The Expanded Disability Status Scale (EDSS)

    The EDSS is a classification scheme (Rating Scale) that insures all participants in a clinical trial are in the same class, type, or phase of MS.

    It is also used by Neurologists to follow the progression of Multiple Sclerosis disability and evaluate treatment results, for similar groupings of people. The Functional System (FS) scale is incorporated within its overall framework.

The Expanded Disability Status Scale (EDSS)

0.0 - Normal Neurological Exam.
1.0 - No disability, minimal signs on 1 FS.
1.5 - No disability minimal signs on 2 of 7 FSs.
2.0 - Minimal disability in 1 of 7 FSs.
2.5 - Minimal disability in 2 FSs.
3.0 - Moderate disability in 1 FS; or mild disability in 3 - 4 FSs, though fully ambulatory.
3.5 - Fully ambulatory but with moderate disability in 1 FS and mild disability in 1 or 2 FS; or moderate disability in 2 FS; or mild disability in 5 FSs.
4.0 - Fully ambulatory without aid, up and about 12hrs a day despite relatively severe disability. Able to walk without aid 500 meters.
4.5 - Fully ambulatory without aid, up and about much of day, able to work a full day, may otherwise have some limitations of full activity or require minimal assistance. Relatively severe disability. Able to walk without aid 300 meters.
5.0 - Ambulatory without aid for about 200 meters. Disability impairs full daily activities.
5.5 - Ambulatory for 100 meters, disability precludes full daily activities.
6.0 - Intermittent or unilateral constant assistance (cane, crutch or brace) required to walk 100 meters with or without resting.
6.5 - Constant bilateral support (cane, crutch or braces) required to walk 20 meters without resting.
7.0 - Unable to walk beyond 5 meters even with aid, essentially restricted to wheelchair, wheels self, transfers alone; active in wheelchair about 12 hours a day.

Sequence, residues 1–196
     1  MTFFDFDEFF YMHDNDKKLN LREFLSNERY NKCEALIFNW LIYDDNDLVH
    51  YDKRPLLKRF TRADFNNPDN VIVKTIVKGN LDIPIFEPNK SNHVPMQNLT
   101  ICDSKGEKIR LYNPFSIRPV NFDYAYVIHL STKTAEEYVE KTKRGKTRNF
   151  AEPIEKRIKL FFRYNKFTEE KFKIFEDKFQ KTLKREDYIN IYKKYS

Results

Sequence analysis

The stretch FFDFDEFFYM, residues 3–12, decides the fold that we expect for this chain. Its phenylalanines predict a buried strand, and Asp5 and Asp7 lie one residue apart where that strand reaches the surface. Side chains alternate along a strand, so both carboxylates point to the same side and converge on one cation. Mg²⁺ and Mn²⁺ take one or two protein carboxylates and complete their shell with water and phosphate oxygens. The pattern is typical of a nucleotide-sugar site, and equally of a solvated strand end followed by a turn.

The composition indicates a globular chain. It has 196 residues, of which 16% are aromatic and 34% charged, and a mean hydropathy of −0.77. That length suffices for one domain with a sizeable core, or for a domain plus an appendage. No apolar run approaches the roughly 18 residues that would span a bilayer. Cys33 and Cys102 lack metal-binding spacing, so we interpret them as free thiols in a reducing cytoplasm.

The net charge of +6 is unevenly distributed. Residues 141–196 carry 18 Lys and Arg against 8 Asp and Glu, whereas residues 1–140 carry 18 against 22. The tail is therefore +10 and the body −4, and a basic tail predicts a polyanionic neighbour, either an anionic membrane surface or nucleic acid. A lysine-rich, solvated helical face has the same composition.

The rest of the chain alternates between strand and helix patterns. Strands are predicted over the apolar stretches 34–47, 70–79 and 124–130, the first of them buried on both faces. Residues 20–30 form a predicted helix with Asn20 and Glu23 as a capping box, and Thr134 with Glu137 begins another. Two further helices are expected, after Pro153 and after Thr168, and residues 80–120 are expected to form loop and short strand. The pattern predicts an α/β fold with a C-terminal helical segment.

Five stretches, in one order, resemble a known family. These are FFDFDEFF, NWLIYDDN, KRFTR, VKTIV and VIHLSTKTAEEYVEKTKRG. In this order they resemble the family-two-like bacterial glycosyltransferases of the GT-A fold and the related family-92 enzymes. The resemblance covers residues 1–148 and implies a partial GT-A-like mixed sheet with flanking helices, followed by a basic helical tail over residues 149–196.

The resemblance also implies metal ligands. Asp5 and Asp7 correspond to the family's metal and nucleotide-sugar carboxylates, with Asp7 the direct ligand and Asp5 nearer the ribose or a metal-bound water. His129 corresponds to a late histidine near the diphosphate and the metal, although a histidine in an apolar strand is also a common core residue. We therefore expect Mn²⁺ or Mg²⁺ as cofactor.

7.5 - Unable to take more than a few steps, restricted to wheelchair, may need aid to transfer; wheels self, but may require motorized chair for full day's activities.
8.0 - Essentially restricted to bed, chair, or wheelchair, but may be out of bed much of day; retains self care functions, generally effective use of arms.
8.5 - Essentially restricted to bed much of day, some effective use of arms, retains some self care functions.
9.0 - Helpless bed patient, can communicate and eat.
9.5 - Unable to communicate effectively or eat/swallow.
10.0 - Death.

The EDSS has several well-recognized shortcomings. Because of its strong emphasis on ambulation in the middle range of the scale, the EDSS is insensitive to changes in other Neurological functions, in patients with moderate to severe disability.

Like all rating scales based on the standard Neurological Examination, the EDSS is insensitive to Cognitive dysfunction in MS.

The definitions of how to rate findings on the Neurological Examination, how these findings translate into the Functional System Status scores, and the rules governing how the EDSS is calculated are somewhat complicated.

These ambiguities contribute to the significant intra-rater and inter-rater variability observed in several studies.

Variability in the EDSS can be reduced but not eliminated by development of explicit instructions and formal training of raters. Lastly, the EDSS is an Ordinal (nonlinear discontinuous) scale.

That is, the meaning of a 1.0-step change varies in different parts of the scale. This property has two consequences.

  1. Studies of large populations of MS patients have revealed consistently a bimodal EDSS frequency distribution rather than a Gaussian distribution, with a paucity of patients in the 4.0 to 5.5 EDSS range.

  2. The duration of time individual patients spend at the EDSS steps during the course of their disease varies over the range of the EDSS.
    • For example, the average duration at EDSS 4.0 is 1.22 years, compared with 3.77 years at EDSS 7.0.

All of these properties make the EDSS relatively insensitive to change, as patients deteriorate over time.

Other rating scales based on the standard Neurological Examination share many of these shortcomings.

Also See:
Kurtzke Scales Revisited:
The Application Of Psychometric Methods To Clinical Intuition

by: Jeremy Hobart, Jenny Freeman and Alan Thompson
Brain, Vol. 123, No. 5, 1027-1040, May 2000

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